For decades, Oleta Garrett Fitzgerald has championed access to quality education and other vital resources for children and struggling families throughout the rural south.
Her work has taken her from Mississippi to Washington, D.C. and back. She has had to grapple with “the realization that gains made over decades were rolling backward at warped speed,” and lean into her faith that the future holds promise.
We spoke with Fitzgerald this month about her connection to rural America, how she has overcome disappointments, and what she’s been reading and listening to lately. Read more below and listen to her speak about what most encourages her work.
Describe your connection to rural America
I was born into rural America by midwife in the Madison County, Mississippi, community of Farmhaven. One of eight children, with our mother and father, we formed our own economic unit. We raised our own food and farmed cotton and corn. My father, like my grandfather, owned a sawmill and pulpwood business. My mother was the quintessential rural school teacher active in bringing resources to our small, segregated underfunded schools.
After graduating from Tougaloo College I moved to Atlanta and worked at the Southeastern Public Education Program where a lot of our work involved access to quality K-12 education across the rural South. I worked for several years at Tuskegee University, followed by a stint at the Southern Regional Council (SRC). At SRC I organized in minority communities across the South in the mid-80’s to break barriers to minority electric power cooperative members’ elections to their local Electric Power Association boards.
Returning to Mississippi, I campaigned across the state’s rural second congressional district to elect the first African American to Congress since Reconstruction. And served as his District Director leading work on every aspect of rural life.
In 1992, I was appointed by former President Bill Clinton first as White House Liaison at the United States Department of Agriculture, followed by Director of Intergovernmental Affairs at the Department.
In early 2000 I was among a small group of women to found the Southern Rural Black Women’s Initiative for Economic and Social Justice (SRBWI) which works with women and young women across the agrarian Black Belt counties of Alabama and Georgia and the Delta in Mississippi. To learn more about rural trends, I joined the Rural Development Leadership Network (RDLN) and through that program received a masters degree focused on rural development from Antioch University Midwest, with program study at the University of California, Davis and Mississippi State University.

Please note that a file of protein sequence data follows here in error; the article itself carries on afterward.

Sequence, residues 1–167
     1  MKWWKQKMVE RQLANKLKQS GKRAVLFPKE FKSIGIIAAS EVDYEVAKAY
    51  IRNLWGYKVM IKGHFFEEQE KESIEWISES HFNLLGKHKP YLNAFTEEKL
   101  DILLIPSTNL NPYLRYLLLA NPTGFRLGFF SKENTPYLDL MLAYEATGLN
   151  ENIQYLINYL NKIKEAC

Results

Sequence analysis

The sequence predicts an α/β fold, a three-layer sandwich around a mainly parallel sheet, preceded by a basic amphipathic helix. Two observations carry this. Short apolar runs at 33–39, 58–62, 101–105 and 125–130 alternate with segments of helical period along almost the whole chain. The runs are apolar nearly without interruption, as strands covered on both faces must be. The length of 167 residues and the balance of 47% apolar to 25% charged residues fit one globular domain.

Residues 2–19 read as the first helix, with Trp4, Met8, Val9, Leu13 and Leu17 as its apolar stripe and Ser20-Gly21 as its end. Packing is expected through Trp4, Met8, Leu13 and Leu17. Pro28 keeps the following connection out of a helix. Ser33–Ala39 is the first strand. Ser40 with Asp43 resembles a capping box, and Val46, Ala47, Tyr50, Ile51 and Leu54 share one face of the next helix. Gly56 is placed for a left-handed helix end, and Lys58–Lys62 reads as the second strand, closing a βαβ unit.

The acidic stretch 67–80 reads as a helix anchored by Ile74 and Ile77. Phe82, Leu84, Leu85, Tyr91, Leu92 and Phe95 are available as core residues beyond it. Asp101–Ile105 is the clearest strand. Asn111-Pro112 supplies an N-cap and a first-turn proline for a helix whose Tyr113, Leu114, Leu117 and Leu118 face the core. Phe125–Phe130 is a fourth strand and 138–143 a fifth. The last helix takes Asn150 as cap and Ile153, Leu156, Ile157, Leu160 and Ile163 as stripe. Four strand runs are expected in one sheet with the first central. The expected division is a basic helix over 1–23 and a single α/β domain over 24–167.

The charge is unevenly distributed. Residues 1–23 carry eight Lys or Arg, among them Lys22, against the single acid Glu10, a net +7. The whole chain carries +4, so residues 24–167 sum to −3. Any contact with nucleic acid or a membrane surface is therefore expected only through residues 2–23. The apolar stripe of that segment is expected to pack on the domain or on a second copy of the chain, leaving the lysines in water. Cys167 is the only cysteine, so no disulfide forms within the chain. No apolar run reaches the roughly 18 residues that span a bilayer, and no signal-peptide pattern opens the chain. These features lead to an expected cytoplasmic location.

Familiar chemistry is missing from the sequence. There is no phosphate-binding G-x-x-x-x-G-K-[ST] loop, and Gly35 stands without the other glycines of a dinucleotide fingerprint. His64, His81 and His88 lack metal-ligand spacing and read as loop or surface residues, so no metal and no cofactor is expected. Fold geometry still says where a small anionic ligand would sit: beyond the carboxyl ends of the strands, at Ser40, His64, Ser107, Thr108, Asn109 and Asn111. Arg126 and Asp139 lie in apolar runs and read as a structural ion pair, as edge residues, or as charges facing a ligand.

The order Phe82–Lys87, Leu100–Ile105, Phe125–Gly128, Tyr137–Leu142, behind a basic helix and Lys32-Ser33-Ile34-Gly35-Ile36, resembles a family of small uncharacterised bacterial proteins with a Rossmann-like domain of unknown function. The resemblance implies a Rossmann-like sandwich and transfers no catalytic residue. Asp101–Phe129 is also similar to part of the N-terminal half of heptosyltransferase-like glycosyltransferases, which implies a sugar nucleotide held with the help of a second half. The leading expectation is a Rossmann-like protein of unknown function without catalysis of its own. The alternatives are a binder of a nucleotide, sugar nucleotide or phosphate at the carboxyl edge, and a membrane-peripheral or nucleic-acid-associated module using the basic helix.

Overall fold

Tell us about a moment when you felt discouraged and how you overcame it.
I suppose if I were to look back over time to respond to a moment when I have been most discouraged, I would have to say that in today’s environment it is not any one moment – but the realization that gains made over decades were rolling backward at warped speed. Add to that the world has now been attacked by this COVID-19 pandemic. These things together could have been overwhelming but for my deep faith in a higher power and my determination to fight against and forge through any weapon formed against what is right and fair.
On the flipside of that question, what encourages you in your work?
My greatest encouragement comes from watching people and especially young people of all races and genders across geography stepping up and taking leadership to become change agents. To see the seeds of our work flourish and feel that the next generation got this!
Is there a habit or practice you subscribe to that keeps you motivated?
I practice faith. I believe that the work we do will live on in the lives and actions of a new generation. I practice encouragement and motivation not for myself but for others. I am driven by a mission that is constantly fed through spirituality, meditation, reflection, and study.
What are you reading/listening to?
I am reflecting on the autobiography and rural development treatise entitled “Barefootin” tracing the life of Honorable Unita Blackwell, the first Black woman Mayor in Mississippi and namesake for The Southern Rural Black Women’s Initiative for Economic and Social Justice’s Unita Blackwell Young Women’s Leadership Institute. And Marian Wright Edelman’s “The Measure of Our Success”. I am listening to a lot of old gospel music including the unconquerable Marian Anderson and especially her “There is a Balm in Gilead.”